Americans may soon be able to get their medical records through smartphone apps as easily as they order takeout food from Seamless or catch a ride from Lyft. But prominent medical organizations are warning that patient data-sharing with apps could facilitate invasions of privacy — and they are fighting the change

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Sam Cavaliere, a San Diego tech worker, considers himself in average health, though the 47-year-old admits, “I can always stand to lose a little weight.” Like a lot of iPhone owners, he uses Apple’s Health app to keep track of his weight, his exercise routines and how many steps he takes in a day

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For example, data about a mobile phone’s past location and movement patterns can be used to predict where a person lives, who their employer is, where they attend religious services and the age range of their children based on where they drop them off for school

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In this vast border region, tuberculosis control is a high-stakes game of chase. Some patients infected with the disease frequently cross into Mexico for work or to visit family, slipping off the radar of public health workers who must verify they are taking their medicines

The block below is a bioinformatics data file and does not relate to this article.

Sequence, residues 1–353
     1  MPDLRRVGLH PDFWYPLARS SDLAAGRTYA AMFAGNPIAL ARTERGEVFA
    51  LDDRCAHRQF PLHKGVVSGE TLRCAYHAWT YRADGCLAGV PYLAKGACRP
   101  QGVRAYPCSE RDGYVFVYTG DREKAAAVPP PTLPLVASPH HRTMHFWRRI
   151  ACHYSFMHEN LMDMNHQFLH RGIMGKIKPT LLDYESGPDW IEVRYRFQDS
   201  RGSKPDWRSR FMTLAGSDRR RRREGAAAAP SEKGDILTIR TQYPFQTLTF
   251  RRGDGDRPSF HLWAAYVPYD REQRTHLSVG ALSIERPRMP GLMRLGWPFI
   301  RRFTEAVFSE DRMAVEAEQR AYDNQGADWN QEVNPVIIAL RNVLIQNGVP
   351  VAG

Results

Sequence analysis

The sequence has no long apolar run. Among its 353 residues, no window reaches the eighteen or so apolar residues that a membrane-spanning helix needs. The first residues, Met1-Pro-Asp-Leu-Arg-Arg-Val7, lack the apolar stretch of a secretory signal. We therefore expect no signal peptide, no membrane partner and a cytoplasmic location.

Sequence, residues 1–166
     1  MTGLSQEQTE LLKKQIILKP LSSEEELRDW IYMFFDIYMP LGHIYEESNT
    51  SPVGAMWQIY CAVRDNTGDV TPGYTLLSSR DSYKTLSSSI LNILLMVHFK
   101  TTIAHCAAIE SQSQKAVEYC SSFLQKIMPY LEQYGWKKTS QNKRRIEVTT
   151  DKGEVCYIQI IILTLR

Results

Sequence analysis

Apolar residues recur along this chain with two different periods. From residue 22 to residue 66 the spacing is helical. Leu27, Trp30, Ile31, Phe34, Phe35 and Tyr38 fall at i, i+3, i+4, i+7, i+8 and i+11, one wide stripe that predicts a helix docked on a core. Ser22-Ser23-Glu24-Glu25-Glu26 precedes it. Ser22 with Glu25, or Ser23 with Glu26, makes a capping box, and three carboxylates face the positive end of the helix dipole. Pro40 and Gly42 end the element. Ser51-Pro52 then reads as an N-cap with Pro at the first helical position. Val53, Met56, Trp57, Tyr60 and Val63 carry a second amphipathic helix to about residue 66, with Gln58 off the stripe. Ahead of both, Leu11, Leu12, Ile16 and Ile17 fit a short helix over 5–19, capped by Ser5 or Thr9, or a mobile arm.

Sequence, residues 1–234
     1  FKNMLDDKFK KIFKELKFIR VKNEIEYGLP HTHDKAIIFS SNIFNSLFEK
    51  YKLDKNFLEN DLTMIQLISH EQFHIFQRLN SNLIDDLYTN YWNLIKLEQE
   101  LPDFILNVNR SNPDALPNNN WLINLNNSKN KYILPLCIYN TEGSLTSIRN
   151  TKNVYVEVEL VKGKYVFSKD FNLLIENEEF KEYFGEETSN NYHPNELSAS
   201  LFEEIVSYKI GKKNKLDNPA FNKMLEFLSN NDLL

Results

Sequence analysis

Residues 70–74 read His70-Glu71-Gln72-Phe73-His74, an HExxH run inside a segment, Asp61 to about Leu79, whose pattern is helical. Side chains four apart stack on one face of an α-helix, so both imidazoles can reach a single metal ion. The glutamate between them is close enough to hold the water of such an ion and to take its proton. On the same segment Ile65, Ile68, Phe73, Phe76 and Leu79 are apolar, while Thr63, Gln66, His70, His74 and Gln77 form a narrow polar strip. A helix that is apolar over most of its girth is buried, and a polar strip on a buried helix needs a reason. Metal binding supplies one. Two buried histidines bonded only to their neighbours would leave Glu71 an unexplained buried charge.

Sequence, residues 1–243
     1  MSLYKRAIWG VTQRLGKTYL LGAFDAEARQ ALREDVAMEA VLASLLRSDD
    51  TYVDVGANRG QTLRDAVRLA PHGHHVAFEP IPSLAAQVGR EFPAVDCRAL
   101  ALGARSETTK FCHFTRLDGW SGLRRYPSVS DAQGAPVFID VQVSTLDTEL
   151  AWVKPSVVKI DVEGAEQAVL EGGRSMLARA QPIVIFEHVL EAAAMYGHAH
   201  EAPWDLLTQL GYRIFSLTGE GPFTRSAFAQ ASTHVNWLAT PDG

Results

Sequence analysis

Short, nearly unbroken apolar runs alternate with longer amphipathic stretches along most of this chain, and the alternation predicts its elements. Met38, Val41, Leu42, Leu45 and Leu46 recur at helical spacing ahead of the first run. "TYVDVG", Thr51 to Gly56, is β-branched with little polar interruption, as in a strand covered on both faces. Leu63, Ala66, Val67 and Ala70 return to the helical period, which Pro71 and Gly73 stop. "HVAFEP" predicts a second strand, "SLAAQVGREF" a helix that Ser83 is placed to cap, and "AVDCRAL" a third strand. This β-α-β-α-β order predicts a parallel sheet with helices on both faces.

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Digital gizmos can monitor your heart, whether it’s a wrist-worn fitness tracker or a smartphone app to help cardiologists analyze diagnostic tests. The question is whether they’re going to do your heart any good. The short answer: It depends

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Carissa Véliz (University of Oxford) warns us: we should act now before it is too late. Privacy damages accumulate, and, in many cases, are irreversible. We urgently need more regulations to protect our privacy

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Apple plans to add a new feature to its Health app that will allow users to easily sign up with a national organ donor registry

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In recent years, mobile technology has granted me and countless others the ability to collect an unprecedented amount of information about our habits and well-being

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